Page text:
cells preserve the flagelliferous form, while others become amoebae, a transformation which is possible, since it constitutes one of the most frequent modes of reproduction of the amoeboid Infusoria, and the Anthophysa is transformed into a sponge. The process is always the same, whatever the nature of the assembled materials. Cells or polyps, it always submits to the same elaboration in developing new individuals. The cells, once assembled in the organism, yield easily to the changes required by the division of physiological labor, and form various organs, although these organs never become true individuals. If the individuals of a colony often descend to the state of organs, we must not conclude that the organs of an animal are always individuals that have lost their autonomy; but the animal to which they belong, though it may never have been an assemblage of individualities intermediate between its own and that of cells, is not less a colony of the latter subjected to the laws of evolution of all the others. Thus even if we can not prove that Vertebrates and Mollusks have resulted from the fusion of more simple beings that have lived an independent life, they are still colonies of cells, and the law of association has consequently lost none of its generality.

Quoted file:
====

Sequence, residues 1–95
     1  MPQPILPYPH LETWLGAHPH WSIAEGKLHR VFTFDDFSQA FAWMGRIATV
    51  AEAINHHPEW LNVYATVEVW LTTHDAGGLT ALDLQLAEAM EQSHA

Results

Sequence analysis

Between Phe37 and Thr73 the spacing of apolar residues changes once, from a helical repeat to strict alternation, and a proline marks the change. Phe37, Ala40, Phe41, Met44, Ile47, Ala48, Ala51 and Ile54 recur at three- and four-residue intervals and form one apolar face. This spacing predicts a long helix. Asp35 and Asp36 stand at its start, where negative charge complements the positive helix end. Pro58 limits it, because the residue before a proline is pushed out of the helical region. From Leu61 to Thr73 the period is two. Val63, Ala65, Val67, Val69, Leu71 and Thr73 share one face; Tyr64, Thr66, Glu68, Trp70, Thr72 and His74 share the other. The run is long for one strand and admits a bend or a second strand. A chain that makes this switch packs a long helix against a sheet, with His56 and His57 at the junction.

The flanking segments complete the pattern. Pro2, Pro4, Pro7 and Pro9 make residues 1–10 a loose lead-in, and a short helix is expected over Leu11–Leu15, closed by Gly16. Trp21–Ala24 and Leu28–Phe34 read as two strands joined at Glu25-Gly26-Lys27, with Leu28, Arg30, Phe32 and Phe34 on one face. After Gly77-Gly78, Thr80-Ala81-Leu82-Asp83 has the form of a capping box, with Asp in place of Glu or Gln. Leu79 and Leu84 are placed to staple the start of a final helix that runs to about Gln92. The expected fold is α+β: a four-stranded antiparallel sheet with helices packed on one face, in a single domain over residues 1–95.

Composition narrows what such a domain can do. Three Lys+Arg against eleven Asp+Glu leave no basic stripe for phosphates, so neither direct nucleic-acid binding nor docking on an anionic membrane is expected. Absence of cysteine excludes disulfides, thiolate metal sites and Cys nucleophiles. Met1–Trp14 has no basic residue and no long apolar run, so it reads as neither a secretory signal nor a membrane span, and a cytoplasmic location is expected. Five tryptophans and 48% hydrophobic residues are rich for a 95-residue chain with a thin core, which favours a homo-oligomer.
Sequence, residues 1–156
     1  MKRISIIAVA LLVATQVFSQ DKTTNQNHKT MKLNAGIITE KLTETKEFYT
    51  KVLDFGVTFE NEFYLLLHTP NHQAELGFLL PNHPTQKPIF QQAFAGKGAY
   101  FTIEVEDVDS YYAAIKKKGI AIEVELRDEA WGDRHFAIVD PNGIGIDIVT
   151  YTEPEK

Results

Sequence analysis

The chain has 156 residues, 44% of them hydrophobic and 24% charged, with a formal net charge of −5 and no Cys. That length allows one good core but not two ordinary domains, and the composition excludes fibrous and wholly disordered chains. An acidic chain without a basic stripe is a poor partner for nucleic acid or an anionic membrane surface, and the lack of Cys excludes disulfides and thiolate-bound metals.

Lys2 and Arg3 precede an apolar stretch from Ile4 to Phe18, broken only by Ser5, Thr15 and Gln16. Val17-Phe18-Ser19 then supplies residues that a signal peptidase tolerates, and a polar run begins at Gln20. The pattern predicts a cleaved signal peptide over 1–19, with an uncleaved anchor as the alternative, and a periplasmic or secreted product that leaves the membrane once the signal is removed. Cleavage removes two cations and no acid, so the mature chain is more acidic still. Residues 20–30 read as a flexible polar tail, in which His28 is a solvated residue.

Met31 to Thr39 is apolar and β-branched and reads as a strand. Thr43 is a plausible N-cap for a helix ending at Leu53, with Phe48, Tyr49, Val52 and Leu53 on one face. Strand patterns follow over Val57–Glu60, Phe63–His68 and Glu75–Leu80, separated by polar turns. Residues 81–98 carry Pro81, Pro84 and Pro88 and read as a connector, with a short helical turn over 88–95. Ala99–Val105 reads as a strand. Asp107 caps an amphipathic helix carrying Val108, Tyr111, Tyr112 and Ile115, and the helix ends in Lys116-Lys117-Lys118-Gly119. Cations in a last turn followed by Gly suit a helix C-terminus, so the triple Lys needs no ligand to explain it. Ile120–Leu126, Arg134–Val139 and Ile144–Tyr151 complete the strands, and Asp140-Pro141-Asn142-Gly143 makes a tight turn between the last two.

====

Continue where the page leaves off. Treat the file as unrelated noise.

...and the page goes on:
It remains the fundamental law of development in the animal kingdom, comprehending and controlling those laws of growth, of organic repetition, of economy, which have been long accepted by physiologists, explaining hitherto mysterious homologies between different parts of the body, or between different organs of the same animal; embracing in one circle all the forms of asexual generation, which are its most powerful means of creation. Resting upon the law of the division of physiological work, the importance of which was first demonstrated by Milne-Edwards, and upon that of polymorphism, which without it have only a limited and indefinite meaning, consequent on the law of division of protoplasmic masses, it has been the great producer of organization, and establishes a new link between sociology and the branches of biology that are occupied with the constitution and functions of organisms.